With weak and fraying mechanisms to exert worker voice, today’s workers are trapped in poor quality jobs with low wages, making expensive debt an essential part of getting by. A perfect storm of rising costs of living, stagnated wages, reduced worker power, increased gig/contract work, and insufficient benefits has been brewing for decades, gradually forcing more and more workers, particularly workers of color, to lean on credit to stay afloat. For example, a study published in the National Bureau of Economic Research found that lower employer competition has correlated with lower wages since 1977, with the relationship merely growing stronger over the years. 44% of all U.S. workers are low- wage, earning a median hourly wage of $10.22, with Black and Latinx workers most likely to earn low-wages. The lowest-earners are also the least upwardly mobile, with “workers in the lowest wage quintile having the highest likelihood to switch into another low paying job, and workers in the second lowest quintile having a 55% chance to remain or move into the lowest quintile.”
Also consider the results of the U.S. Financial Diaries project, a groundbreaking effort to gather both quantitative and qualitative data that illustrates the complexity of the challenges facing low-income families. The data revealed that low-income families’ financial insecurity and scarcity is as much driven by low-wages as it is by volatility and unpredictability. Only 36% of the U.S. Financial Diaries’ sample of low- to moderate-income households exclusively received employment income from a job with recurring wages, with the remaining 64% piecing together income through part-time jobs, gig work, and/or government benefits. And even recurring income can vary substantially from paycheck to paycheck, often due to irregular hours. “To compensate for irregularity in income over time,” and navigate unpredictable spikes and dips in paychecks, households either sacrifice certain bill payments or turn to credit cards and small-dollar credit products to close the gap—and hope they’ll eventually have an income spike to catch back up.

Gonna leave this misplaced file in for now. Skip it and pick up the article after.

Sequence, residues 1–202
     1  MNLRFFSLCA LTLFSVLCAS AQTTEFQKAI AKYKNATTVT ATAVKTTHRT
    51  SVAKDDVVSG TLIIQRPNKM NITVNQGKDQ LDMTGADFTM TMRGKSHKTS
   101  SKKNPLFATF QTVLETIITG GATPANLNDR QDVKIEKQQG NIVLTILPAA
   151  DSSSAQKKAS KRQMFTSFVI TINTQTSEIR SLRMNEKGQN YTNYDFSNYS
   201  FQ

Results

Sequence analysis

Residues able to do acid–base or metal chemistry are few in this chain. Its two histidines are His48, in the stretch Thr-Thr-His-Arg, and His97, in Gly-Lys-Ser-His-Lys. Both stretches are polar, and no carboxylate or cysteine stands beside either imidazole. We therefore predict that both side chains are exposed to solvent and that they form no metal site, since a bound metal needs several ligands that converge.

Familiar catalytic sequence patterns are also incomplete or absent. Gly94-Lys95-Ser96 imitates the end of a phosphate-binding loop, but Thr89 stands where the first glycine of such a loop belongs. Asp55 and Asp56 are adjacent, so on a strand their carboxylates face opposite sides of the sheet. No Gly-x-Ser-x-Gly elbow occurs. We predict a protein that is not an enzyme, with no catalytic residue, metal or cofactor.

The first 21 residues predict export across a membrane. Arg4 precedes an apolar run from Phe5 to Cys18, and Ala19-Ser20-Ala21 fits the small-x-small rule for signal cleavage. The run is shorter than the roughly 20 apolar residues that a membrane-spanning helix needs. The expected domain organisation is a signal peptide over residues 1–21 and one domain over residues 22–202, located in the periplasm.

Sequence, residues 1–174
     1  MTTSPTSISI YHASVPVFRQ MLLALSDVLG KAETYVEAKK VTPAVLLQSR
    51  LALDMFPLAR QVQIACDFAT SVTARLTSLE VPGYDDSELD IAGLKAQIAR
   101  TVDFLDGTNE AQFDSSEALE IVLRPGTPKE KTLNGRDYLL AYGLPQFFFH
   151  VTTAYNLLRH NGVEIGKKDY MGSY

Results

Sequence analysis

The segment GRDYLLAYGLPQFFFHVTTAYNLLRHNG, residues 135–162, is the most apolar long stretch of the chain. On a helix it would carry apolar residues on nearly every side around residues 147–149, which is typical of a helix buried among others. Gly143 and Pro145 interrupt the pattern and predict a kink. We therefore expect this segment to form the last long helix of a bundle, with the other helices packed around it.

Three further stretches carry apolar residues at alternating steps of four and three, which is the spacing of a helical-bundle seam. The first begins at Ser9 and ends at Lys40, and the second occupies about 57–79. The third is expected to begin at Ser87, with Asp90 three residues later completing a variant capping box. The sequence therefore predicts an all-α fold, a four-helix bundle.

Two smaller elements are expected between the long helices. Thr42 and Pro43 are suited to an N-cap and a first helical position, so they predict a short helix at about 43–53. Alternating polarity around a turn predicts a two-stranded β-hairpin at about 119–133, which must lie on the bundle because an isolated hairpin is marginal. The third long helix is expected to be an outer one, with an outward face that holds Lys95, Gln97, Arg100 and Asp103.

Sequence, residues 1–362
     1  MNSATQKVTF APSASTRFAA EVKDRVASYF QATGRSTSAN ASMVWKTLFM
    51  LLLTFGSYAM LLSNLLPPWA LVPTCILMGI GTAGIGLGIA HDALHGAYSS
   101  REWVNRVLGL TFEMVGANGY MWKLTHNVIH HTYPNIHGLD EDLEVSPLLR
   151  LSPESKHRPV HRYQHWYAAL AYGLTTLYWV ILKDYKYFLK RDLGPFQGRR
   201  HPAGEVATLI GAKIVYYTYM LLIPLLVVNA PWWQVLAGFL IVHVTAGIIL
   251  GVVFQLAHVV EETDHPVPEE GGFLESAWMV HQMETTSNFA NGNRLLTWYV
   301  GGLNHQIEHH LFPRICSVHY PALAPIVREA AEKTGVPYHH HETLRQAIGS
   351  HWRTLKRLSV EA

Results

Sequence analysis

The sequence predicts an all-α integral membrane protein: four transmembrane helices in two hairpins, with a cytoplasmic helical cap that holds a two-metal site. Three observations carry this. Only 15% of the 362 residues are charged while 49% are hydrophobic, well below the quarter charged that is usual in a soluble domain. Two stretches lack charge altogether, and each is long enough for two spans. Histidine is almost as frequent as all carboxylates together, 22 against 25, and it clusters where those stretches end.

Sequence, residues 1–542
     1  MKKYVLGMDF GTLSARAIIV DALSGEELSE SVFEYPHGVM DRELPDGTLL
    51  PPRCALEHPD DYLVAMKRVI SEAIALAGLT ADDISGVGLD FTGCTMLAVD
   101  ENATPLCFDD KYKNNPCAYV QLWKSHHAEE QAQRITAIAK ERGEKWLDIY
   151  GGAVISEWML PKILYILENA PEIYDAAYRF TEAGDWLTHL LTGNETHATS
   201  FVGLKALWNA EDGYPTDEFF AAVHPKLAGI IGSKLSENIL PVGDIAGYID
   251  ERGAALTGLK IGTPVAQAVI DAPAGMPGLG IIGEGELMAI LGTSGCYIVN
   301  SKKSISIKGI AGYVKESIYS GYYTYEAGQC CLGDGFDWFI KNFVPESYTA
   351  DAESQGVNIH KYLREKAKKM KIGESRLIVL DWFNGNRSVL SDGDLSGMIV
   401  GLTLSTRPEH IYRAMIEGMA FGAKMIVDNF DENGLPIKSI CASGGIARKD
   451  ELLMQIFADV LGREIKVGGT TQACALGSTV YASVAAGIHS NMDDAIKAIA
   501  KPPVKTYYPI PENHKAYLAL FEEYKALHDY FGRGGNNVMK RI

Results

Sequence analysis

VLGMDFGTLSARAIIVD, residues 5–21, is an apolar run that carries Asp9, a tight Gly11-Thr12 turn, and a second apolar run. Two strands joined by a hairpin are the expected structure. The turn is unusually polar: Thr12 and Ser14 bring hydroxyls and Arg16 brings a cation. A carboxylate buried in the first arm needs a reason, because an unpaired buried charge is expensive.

United for ALICE reports that in 27 states, at least 40% of households live above the federal poverty line yet “cannot afford the essentials in their communities.” Therefore, the “debt crisis” among low-income workers is not simply a result of compounding high interest rates and misinformation about how to pay off debt efficiently; nor frivolous overspending. In a national survey conducted by the think tank Demos, 40% of households with debt, and 45% of households earning less than $50,000 per year, reported using credit cards within the last year to “pay for basic living expenses such as rent or mortgage payments, groceries, utilities, or insurance.”
Even “good debts” like mortgages and student loans, which can plausibly serve as a path towards wealth building, are persistently inaccessible or harmful to low-wage, particularly Black and Latinx, workers. Student debt in particular is devastating the financial health of communities of color across the country, with the median Black borrower still owing 95% of their original student debt balance 20 years after starting college, while in the same 20 years the median white borrower has paid down almost 95% of their original balance. Aspen Institute’s EPIC initiative labeled the burden created by student loans as “a critical dimension of household financial security, [creating] liability for low-income students and students of color.”